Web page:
Peter Mucha, Philly.com Staff Writer
Posted: Tuesday, January 8, 2013, 10:10 AM
Jon Gruden would like to be an NFL head coach again, and the Eagles would be wise to speak with him, Ron Jaworski said Monday.
Agreeing with that this morning was former Eagles pro personnel director Mike Lombardi.
Meanwhile, forget about Alabama head coach Nick Saban, despite fans clamoring on Twitter in the wake of the Crimson Tide's trouncing of Notre Dame, 42-14, in Monday night's college football championship game.
"I don't have any unfinished business in the NFL ... It's not even something I want to do," Saban said Saturday, according to Brian Hamilton of the Chicago Tribune.
Jaworski, former Eagles quarterback turned ESPN analyst, said he spoke with Gruden, ESPN Monday Night Football commentator who in 2003 led the Tampa Bay Buccaneers to an upset victory over the Eagles en route to a Super Bowl title.
"He's had numerous meetings, and he has told teams he is not interested in certain jobs," 'Jaws' told Mike Missanelli of 97.5 The Fanatic. "There are jobs that he is interested in. But no one at those teams has reached out to him or they may already have a coach in place."
Were the Eagles off his list? Missanelli asked.
"No, I didn't say that," Jaworski said. "They haven't reached out to Jon."
It wasn't a crystal-clear expression of desire for the Eagles job, contrary to some reports.
But Jaworski couldn't have been more direct about his advice to the Eagles: "I would want a guy that is a proven winning Super Bowl coach."
Instead, the Eagles seem to be focused on "second-tier candidates" - college guys and "assistant coaches that haven't proven themselves."
One of those assistants is Jon Gruden's younger brother, Jay, offensive coordinator for the Cincinnati Bengals. The team sought and has obtained permission to interview him.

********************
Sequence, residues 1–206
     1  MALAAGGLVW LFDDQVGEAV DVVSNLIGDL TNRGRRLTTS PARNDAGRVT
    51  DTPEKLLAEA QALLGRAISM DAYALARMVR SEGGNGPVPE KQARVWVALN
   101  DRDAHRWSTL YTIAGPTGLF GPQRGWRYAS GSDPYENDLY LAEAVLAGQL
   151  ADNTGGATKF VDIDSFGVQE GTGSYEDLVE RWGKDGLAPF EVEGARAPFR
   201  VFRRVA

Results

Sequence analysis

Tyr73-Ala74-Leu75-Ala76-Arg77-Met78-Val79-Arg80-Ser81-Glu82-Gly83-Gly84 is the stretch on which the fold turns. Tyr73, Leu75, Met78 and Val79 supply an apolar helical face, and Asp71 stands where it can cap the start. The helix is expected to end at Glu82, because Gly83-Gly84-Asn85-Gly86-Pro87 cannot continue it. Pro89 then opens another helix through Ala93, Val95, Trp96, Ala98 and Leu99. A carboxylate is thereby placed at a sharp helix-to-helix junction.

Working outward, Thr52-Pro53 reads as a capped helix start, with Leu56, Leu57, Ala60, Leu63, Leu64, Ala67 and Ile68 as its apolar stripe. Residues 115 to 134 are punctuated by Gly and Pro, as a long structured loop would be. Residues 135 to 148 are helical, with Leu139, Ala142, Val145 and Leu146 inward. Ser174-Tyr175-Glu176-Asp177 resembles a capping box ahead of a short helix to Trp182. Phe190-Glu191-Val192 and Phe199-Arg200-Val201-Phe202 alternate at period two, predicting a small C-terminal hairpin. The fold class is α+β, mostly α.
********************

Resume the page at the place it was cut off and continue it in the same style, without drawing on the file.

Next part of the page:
The team should have met first with the likes of Jon Gruden and Bill Cowher, who won a Super Bowl with the Pittsburgh Steelers, if only "just to kind of pick their brains, which I think is always very, very important, to give you some help in the direction that you want to take your franchise," Jaworski said.
"To me, those are two guys that I would have gone to first," he said.
Both would be good fits because they have Eagles ties - Cowher played for the team, and Gruden was an offensive coordinator here - and have hard-nosed personalities that could work in Philadelphia, Jaworski said.
"We know the job in Philly is not for everyone," he said. "You better not be sensitive, you better have a tough skin, you better have a strong backbone, and be able to deal with the media and the fans of this town."
Money is apparently not the issue, if reports are correct the Eagles were offering University of Oregon's Chip Kelly in the neighborhood of $8 million a year, Jaworski said.
As to why the Eagles brain trust - owner Jeffrey Lurie, president Don Smolenski and general manager Howie Roseman - has gone in a different direction, Jaworski simply said, "You're talking about some pretty high maintenance guys."
But Angelo Cataldi addressed that issue this morning, asking NFL Network analyst Lombardi, who worked for Lurie, if the Eagles owner dislikes people with an "animated presence" like Jon Gruden.
"I don't think Jeffrey has a problem with that," Lombardi said, saying Lurie encourages debate.
Gruden seems eager to return to coaching, because he may think he "has something to prove to people ... that he's still young and can do it," Lombardi said.
Who would make a better head, Kelly or Gruden? Cataldi asked.
After trumpeting Kelly's creativity a bit, and hedging by saying "it really depends on the organization and fit," Lombardi finally chose a side:
"If I had to lean one way or another, I would say Jon, because he has pro experience."
Also ignoring Gruden, despite being turned down by Kelly, are the Cleveland Browns, where the new CEO is ex-Eagles president Joe Banner.
Contact staff writer Peter Mucha at 215-854-4342 or email@example.com.
Peter Mucha Philly.com Staff Writer